Joseph Haller Christian was the only son to marry, the only child living before his daughter, Mrs. Mary Orebaugh and her baby son Fritz Falerney Orebaugh, who is the fifth generation to live in this house.

The above reference is taken from the Spitzer family Bible, dated March 13, 1845, printed 1841, and owned by Charles Spitzer.

Charles Spitzer's wife was Elizabeth Frances Amiss of Amissville, Virginia, they were married in 1833, and had four children, Mary Catharine (1837 - 1900), Lewis A. (1840) who ran away from home in 1857, and went to California. All his letters concerning his trip are in the possession of Mrs. Orebaugh. He started back to join the Southern Army in the valley during the Civil War, but came only as far as Austin, Nevada, due to an attack of inflammatory rheumatism.

The rest of the history of this illustrious family may be found in "Pen Pictures from the Garde of the World", edited by H.S. Foote, Chicago, a volume of which is in the Rupp home and was owned by Lewis A. Spitzer, San Jose, Santa Clara County, California. On page 609 of this book mention is made of a rifle factory having been established in New Market by Henry Spitzer. His rifles were known as the best in the west and south.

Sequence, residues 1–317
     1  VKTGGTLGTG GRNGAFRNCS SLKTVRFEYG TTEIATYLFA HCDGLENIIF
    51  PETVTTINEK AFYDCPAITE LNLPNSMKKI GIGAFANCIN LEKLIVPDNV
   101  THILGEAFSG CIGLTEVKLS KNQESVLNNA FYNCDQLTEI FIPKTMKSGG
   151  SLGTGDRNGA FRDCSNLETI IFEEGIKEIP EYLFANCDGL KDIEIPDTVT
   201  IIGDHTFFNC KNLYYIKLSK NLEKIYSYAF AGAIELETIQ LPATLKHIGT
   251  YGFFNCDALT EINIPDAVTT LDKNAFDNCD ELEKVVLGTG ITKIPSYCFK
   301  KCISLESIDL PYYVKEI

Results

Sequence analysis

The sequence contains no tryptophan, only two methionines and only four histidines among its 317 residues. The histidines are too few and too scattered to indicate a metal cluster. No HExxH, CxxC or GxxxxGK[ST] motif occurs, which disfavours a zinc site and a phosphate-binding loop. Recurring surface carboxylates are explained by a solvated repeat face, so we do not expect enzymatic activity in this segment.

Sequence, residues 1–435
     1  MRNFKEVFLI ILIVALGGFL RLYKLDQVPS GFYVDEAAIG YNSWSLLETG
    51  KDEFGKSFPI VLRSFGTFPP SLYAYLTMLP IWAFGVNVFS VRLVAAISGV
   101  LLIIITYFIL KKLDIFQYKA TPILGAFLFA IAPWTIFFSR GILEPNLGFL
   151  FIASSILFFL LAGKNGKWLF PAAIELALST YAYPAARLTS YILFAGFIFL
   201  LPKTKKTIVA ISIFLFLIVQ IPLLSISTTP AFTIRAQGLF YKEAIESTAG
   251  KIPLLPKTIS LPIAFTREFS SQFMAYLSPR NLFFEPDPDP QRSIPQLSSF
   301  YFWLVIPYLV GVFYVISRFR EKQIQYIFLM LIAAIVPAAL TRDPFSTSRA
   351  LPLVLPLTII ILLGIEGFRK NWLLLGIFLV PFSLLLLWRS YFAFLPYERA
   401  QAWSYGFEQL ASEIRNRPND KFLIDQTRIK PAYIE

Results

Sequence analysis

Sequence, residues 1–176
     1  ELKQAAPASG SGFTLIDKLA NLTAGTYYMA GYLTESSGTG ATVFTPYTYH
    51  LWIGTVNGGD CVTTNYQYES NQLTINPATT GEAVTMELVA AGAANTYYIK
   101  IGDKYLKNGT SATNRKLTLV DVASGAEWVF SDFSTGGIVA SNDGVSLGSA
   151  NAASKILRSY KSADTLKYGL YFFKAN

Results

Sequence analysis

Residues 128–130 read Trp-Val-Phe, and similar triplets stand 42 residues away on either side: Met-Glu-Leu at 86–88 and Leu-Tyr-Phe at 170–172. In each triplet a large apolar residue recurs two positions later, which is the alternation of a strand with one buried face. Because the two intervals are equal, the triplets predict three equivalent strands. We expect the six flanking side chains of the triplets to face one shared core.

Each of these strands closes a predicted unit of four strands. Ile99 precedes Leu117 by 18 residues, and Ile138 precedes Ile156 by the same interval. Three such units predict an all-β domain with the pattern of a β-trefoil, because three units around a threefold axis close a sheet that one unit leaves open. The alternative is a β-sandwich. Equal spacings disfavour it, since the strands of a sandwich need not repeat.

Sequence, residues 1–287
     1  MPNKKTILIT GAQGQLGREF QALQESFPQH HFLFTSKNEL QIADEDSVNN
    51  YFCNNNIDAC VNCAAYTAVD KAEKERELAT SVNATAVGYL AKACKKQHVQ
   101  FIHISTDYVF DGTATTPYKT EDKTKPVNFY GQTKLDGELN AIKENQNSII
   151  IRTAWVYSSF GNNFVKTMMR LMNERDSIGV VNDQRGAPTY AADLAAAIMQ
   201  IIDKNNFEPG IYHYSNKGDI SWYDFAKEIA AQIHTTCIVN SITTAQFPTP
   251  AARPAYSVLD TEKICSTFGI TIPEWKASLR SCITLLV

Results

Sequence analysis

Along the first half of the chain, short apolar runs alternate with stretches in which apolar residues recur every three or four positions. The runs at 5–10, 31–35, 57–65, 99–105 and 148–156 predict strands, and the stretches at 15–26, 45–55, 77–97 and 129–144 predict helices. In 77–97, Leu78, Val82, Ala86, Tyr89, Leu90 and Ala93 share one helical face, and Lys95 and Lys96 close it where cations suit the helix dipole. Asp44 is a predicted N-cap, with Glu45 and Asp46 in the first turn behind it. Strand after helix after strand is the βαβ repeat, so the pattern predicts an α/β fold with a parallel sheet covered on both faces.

Another child was Sarah, who died young. Henry went to California and was accidentally shot, while on a deer hunt, by one of the party. He had just held up the antlers of a deer he had found when a member of the party, just coming up, saw the antlers and shot before hearing of his find.

In this house also lived a Mr. George M. Neese, who was the talented author of "Three Years in the Confederate Horse Artillery".